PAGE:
TORONTO – Jose Bautista doesn’t think starting pitchers should qualify for MVP awards.
The Toronto Blue Jays slugger spoke out after Detroit Tigers ace Justin Verlander took the American League MVP award on Monday ahead of Boston’s Jacoby Ellsbury and Bautista.
“There’s nothing in the criteria that says a pitcher cannot receive the award,” said Bautista on a conference call. “But at the same time, there’s a couple of items that should eliminate a pitcher from receiving the award from the get go.”
In particular, Bautista was critical of the amount of time starting pitchers play compared to fielders who are in the lineup on a daily basis.
“When one of the first items in the criteria for the MVP award states that the player should be on the field for the most amount of games for their own particular team and knowing that us position players have to be out there 150 plus times over … I don’t know, 30, 32, 33 times that a pitcher has to go out there, in my eyes that’s pretty much an elimination right there,” said Bautista.
Verlander received 13 of 28 first-place votes and 280 points in voting announced by the Baseball Writers’ Association of America.
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Ellsbury came second with four firsts and 242 points, followed by Bautista with five firsts and 231 points.
“It doesn’t make a difference to me if Verlander of Ellsbury wins,” said Bautista. “The bottom line is that I wasn’t chosen but, at the same time, I know that he (Verlander) had a great season and I feel excited for him, that he was able to get the award. Congratulations to him.
Added Bautista: “I’m not knocking on Verlander or the year that he had.”
Verlander is the first starting pitcher to win an MVP in 27 years. He was given the Cy Young Award as the league’s best pitcher on Nov. 15 after winning 24 games in 34 starts with a 2.40 earned-run average and 250 strikeouts.
He also threw a no-hitter in Toronto on May 7.
Bautista wasn’t alone in his criticism of a pitcher winning the MVP.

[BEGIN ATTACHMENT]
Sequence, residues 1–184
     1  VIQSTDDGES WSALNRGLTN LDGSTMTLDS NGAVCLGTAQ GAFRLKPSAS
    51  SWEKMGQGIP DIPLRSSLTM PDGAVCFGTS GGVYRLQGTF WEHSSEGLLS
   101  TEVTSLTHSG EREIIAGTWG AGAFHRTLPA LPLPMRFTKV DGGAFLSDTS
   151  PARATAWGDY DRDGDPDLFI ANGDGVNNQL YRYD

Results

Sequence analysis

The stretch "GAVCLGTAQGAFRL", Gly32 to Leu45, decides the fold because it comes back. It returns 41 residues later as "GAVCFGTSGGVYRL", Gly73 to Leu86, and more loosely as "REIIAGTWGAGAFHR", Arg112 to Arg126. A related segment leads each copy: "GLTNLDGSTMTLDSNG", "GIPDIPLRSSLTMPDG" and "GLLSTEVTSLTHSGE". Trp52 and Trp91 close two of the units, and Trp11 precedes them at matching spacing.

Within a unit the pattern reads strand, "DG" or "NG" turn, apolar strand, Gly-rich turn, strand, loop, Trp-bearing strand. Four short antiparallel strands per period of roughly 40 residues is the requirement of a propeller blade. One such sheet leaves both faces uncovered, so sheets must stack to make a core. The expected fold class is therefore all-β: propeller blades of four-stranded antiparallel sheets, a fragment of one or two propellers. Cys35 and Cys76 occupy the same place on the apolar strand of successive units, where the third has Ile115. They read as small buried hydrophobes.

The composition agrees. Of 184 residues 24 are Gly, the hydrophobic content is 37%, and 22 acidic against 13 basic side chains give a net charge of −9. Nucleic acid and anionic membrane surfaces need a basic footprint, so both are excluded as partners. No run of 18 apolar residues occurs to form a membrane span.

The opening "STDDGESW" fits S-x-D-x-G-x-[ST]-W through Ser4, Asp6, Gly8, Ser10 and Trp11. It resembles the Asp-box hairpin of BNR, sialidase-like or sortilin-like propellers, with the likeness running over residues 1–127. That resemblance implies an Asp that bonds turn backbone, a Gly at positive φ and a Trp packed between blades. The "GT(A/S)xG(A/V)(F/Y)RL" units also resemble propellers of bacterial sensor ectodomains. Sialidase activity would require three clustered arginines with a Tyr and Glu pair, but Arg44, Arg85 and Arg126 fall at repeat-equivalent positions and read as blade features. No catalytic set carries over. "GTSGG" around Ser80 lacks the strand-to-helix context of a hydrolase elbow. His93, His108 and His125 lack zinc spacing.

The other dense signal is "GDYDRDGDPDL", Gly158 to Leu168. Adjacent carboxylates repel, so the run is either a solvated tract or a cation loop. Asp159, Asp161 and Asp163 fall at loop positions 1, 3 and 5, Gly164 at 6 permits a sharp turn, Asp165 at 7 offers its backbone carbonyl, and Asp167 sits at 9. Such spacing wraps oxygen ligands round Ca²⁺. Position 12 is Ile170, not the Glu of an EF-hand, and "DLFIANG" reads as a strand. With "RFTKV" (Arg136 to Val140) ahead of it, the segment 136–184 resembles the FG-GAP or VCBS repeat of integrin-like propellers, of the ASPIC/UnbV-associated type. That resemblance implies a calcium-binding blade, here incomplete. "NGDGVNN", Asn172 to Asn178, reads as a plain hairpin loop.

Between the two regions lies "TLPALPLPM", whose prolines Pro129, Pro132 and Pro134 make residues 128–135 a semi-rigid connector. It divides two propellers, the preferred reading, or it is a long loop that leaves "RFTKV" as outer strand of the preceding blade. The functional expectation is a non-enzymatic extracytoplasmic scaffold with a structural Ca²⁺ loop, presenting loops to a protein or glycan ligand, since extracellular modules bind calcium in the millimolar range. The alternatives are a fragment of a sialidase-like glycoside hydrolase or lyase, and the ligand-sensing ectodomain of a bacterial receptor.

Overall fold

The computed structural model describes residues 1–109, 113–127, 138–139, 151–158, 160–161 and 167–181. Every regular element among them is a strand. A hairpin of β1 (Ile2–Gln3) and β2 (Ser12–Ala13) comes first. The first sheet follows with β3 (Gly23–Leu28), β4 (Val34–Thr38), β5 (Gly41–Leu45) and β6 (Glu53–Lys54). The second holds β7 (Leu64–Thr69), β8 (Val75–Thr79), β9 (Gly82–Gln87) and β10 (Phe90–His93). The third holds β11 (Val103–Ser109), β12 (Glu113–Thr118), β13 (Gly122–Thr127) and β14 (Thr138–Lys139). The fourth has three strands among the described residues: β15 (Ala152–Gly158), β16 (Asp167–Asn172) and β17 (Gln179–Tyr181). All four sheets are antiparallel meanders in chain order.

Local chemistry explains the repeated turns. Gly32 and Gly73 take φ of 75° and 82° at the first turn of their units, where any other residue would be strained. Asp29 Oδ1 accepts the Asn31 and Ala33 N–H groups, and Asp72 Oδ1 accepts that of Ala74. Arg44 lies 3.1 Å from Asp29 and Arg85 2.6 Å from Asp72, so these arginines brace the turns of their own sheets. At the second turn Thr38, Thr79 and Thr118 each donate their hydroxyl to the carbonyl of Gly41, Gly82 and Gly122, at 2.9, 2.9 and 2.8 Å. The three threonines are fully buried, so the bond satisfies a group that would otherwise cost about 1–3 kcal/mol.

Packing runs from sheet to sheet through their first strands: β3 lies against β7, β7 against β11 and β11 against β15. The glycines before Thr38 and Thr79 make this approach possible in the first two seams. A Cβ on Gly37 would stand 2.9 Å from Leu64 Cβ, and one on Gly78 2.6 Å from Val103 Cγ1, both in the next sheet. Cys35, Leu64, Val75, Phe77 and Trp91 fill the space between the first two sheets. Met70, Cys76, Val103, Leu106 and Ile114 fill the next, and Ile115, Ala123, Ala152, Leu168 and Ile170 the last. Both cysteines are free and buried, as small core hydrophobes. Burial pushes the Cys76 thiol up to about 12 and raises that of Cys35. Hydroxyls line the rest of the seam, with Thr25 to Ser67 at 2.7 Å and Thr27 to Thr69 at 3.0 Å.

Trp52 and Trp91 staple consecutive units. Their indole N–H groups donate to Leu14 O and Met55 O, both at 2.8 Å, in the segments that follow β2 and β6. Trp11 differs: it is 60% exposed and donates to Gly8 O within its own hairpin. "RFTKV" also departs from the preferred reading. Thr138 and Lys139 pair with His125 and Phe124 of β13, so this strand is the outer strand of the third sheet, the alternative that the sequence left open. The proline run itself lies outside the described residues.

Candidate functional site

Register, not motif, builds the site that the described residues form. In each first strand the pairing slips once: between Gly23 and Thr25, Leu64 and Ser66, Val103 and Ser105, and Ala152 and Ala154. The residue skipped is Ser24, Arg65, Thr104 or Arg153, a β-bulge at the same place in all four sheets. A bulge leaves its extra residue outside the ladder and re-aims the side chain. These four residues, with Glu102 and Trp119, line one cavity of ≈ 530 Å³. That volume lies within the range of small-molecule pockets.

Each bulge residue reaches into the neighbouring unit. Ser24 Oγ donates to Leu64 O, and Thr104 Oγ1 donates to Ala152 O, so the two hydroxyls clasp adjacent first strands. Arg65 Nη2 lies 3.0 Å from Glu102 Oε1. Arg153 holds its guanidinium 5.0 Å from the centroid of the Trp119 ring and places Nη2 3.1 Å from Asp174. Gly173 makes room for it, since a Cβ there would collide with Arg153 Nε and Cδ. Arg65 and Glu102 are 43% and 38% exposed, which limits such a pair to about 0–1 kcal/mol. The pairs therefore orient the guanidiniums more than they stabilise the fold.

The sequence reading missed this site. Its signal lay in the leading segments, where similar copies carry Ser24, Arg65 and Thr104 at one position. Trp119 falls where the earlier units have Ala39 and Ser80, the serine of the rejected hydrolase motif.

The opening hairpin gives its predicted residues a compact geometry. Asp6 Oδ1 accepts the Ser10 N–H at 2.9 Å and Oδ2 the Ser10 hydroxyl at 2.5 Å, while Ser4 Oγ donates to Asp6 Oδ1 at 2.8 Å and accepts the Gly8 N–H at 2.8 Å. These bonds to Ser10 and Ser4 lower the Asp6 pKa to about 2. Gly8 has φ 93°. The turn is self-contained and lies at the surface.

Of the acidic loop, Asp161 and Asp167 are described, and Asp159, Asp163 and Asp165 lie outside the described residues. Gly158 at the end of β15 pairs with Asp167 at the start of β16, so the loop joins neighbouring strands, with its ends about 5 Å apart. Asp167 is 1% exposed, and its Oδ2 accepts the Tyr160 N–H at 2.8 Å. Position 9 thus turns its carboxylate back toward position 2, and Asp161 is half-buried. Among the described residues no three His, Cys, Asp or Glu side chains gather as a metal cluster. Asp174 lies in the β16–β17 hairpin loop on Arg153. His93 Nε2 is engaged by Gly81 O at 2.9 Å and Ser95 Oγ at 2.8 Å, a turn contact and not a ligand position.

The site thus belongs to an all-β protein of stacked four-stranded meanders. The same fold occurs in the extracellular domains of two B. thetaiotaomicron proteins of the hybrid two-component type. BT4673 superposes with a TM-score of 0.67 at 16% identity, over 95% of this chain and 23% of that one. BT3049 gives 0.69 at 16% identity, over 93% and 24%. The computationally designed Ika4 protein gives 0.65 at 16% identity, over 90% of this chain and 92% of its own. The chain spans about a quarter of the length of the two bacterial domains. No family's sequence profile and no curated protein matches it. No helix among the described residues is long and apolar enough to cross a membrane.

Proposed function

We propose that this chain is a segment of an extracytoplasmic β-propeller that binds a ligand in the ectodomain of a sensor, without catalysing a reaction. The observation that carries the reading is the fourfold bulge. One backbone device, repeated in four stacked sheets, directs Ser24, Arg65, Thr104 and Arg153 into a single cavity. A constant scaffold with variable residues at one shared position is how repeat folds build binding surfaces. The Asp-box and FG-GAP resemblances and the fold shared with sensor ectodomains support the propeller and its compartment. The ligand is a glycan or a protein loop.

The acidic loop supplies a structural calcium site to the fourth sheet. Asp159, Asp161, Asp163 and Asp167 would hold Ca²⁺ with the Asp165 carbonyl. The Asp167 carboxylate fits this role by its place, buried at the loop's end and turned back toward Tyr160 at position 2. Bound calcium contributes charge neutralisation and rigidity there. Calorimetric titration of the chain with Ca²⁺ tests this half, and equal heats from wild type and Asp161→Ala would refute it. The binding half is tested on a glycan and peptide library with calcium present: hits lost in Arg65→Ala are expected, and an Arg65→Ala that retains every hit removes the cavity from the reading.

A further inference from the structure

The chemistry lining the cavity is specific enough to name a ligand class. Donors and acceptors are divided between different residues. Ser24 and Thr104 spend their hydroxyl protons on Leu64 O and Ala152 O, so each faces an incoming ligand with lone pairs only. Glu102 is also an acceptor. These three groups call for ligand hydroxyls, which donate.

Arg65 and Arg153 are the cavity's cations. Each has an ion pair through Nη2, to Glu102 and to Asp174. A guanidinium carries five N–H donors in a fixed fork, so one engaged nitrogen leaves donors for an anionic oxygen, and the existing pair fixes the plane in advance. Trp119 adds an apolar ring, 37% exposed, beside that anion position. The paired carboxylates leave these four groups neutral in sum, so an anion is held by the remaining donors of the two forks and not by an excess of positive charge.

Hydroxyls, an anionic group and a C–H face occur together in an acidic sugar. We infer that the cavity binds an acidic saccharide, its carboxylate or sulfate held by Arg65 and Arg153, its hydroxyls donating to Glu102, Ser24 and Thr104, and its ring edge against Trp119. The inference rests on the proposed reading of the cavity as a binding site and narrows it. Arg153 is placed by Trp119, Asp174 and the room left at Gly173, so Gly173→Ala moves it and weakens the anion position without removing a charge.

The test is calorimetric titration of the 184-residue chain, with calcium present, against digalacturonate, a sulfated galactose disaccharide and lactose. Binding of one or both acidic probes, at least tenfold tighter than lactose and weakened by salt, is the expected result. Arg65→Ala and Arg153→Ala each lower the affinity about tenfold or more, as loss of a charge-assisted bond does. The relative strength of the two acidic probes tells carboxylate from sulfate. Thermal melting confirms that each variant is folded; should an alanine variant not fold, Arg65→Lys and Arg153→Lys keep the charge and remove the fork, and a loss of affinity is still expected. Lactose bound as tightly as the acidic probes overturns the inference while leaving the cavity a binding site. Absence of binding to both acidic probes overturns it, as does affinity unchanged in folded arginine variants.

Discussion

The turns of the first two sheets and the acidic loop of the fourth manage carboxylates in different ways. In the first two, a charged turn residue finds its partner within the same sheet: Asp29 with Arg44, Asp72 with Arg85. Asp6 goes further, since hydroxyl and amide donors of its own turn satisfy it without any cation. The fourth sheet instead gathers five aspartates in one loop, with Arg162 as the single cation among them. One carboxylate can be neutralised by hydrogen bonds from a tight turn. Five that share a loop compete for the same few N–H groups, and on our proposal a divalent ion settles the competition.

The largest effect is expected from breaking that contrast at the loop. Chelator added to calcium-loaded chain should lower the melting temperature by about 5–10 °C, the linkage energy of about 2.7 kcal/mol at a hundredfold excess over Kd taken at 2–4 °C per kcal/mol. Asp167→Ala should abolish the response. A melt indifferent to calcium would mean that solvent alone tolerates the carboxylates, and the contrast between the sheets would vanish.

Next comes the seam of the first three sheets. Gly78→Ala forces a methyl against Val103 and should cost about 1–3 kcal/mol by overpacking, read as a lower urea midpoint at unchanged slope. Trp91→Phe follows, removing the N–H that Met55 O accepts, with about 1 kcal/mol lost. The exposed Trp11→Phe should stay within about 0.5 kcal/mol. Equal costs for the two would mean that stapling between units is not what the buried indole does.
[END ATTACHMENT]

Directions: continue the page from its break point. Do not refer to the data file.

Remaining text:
Jim Ingraham of The Herald-News in Ohio did not have Verlander on his ballot. Sheldon Ocker of the Akron Beacon Journal voted Verlander eighth.
Ingraham thinks pitchers should not be eligible for MVP awards.
“I’d wrestled with this for a long time. If I was ever going to vote for pitcher for MVP, it would be him this year,” said Ingraham, who was one of Bautista’s first-place votes. “He hasn’t appeared in 79 per cent of their games, any starting pitcher really doesn’t appear in 79 per cent of his team’s games in a year.”
Ingraham compared baseball’s MVP to other sports to underscore his point.
“Would you vote for an NFL quarterback for MVP if he only appeared in three of his team’s 16 games, which would be 21 per cent? So that’s part of it,” Ingraham said to The Associated Press. “Another part of it is I think they’re apples and oranges. The guys that are in there every day, there’s a grind to a season that a starting pitcher doesn’t, I don’t think, experience the way the everyday position players do playing 150, 160 games.”
Other pitchers to win MVP and Cy Young in the same year were Brooklyn’s Don Newcombe (1956), Los Angeles’ Sandy Koufax (1963), St. Louis’ Bob Gibson and Detroit’s Denny McLain (1968), Oakland’s Vida Blue (1971) , Milwaukee’s Rollie Fingers (1981) and Detroit’s Willie Hernandez (1984).
Bautista won the AL’s Hank Aaron Award as the league’s best offensive player and a Silver Slugger as the best hitter at his position. He finished 2011 with a .302 batting average, 43 home runs and 103 RBIs.
The 31-year-old Jays slugger was the only player who earned a vote that was not on a team in the playoff picture in October.
“I don’t see how only guys that are on playoff-bound teams should be considered for the award,” said Bautista. “The name of the award is ‘MVP’ not ‘MVP for playoff’ teams, but, that’s just the way I look at it.”
Despite his obvious disappointment, Bautista tried to keep the MVP snub in perspective.
“I play the game to win on a daily basis and hopefully accumulate enough Ws at the end of the year to get into the playoffs and win the World Series,” said Bautista. “I don’t put on a uniform that says ‘Blue Jays’ on the front on a daily basis to garner personal accolades, that’s not what I’m about.
“Even though they’re nice – it’s nice to be recognized by the league and by the writers – it’s not what I go out on the field every day for.”
With files from The Associated Press.